The answer here is the simplicity of not having a filter wheel, and the
      lack of cabling involved, combined with recording all the colour
      information at the same time. They are truly 'great' for planetary imaging,
      and for objects like comets, that move significantly against the sky
      background. They also give pleasing general pictures of most objects, and
      given the lack of extra wiring are a lovely solution if wanting to go
      mobile.
      As a classic 'example', I have a SVX-H9, and also the second CCD, to
      convert it to colour use. For 95% of the time, the camera is used in one of
      two combinations, with the mono CCD, and a solar Ha filter, or with the
      mono CCD, and a colour wheel for general imaging. However when I am going
      on holiday, I replace the CCD with the colour one, and combined with a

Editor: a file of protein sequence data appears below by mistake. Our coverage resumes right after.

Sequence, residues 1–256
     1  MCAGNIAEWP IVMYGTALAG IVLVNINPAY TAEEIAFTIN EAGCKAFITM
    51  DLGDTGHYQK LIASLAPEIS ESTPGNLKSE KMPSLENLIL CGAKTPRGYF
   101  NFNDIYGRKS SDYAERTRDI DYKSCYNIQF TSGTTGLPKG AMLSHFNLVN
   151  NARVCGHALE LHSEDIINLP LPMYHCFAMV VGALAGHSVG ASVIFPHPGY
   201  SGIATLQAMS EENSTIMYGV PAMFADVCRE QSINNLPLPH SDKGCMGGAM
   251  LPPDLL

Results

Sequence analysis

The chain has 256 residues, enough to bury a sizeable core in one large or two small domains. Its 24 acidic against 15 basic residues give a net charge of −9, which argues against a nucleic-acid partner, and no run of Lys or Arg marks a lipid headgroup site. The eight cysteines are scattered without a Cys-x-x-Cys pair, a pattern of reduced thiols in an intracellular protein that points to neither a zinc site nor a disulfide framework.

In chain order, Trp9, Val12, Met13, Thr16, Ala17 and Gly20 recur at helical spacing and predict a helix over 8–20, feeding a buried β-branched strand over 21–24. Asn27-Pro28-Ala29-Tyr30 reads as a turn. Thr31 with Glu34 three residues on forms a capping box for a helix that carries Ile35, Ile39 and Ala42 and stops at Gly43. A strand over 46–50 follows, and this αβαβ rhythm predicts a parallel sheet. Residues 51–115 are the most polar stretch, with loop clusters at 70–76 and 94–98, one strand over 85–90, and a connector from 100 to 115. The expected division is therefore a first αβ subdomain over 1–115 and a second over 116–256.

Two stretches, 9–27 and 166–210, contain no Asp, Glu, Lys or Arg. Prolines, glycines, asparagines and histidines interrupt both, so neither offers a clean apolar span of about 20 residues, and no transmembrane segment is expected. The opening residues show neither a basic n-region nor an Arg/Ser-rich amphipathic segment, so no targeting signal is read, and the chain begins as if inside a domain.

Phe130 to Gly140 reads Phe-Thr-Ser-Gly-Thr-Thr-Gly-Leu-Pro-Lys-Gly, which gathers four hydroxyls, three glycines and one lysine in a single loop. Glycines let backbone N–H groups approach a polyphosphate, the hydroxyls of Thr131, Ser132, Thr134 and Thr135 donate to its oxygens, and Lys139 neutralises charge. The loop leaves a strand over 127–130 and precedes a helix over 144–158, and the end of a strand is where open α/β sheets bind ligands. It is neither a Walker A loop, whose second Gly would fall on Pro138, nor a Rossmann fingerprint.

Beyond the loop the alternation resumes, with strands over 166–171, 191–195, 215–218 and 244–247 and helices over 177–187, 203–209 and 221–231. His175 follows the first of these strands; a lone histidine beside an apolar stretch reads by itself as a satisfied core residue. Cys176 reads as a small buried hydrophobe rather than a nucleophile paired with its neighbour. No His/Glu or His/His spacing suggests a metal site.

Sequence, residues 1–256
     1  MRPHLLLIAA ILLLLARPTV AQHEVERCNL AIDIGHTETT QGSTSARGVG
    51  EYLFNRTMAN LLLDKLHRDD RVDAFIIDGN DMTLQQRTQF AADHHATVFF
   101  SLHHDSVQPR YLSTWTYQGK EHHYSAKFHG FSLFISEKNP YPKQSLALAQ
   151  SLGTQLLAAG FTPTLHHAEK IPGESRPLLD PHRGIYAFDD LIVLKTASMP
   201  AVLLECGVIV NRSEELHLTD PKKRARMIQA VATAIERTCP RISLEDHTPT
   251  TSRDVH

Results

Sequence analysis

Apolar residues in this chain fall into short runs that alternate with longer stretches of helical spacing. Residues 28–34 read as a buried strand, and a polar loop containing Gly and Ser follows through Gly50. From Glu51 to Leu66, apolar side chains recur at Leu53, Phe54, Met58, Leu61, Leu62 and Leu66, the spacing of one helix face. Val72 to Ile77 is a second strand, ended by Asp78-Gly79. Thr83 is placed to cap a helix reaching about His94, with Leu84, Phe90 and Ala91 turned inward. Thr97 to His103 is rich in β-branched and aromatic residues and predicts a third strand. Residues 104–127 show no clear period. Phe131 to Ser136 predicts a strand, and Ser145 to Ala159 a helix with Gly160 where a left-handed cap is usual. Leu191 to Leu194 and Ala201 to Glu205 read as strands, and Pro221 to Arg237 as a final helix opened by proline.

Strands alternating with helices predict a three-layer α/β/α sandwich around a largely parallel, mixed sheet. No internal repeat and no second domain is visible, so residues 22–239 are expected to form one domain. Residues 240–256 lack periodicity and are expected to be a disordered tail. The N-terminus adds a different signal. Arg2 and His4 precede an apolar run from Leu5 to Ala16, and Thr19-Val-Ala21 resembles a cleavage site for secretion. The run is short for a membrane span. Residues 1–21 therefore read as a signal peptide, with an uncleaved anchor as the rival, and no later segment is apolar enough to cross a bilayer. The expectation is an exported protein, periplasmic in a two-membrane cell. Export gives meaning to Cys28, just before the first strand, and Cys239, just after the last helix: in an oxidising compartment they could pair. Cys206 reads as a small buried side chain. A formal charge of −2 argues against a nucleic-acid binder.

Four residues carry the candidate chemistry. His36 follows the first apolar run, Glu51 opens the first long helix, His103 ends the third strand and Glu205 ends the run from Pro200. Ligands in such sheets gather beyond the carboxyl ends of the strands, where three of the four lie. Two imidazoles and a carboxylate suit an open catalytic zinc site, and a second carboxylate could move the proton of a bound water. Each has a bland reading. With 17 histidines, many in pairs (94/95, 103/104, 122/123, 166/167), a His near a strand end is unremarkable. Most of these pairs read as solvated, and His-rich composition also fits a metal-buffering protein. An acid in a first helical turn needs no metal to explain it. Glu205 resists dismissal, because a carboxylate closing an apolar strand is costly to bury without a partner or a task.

short OAG, it makes about the shortest/simplest little colour imager,
      attached to a C5 OTA (which I think is one of the truly great "ability for
      it's size" optical tubes around), I have a imaging setup, that fits in two
      small toolboxes (plus the tripod), and can be tucked into the boot of the
      car to get images from a better site than my normal one...

      Best Wishes

      > OK, I have compared the response curves available at the SBIG site
      > but I
      > honestly do not see an advantage in this case of the monochrome to
      > the one
      > shot color camera.
      >
      > Am I missing something ?
      >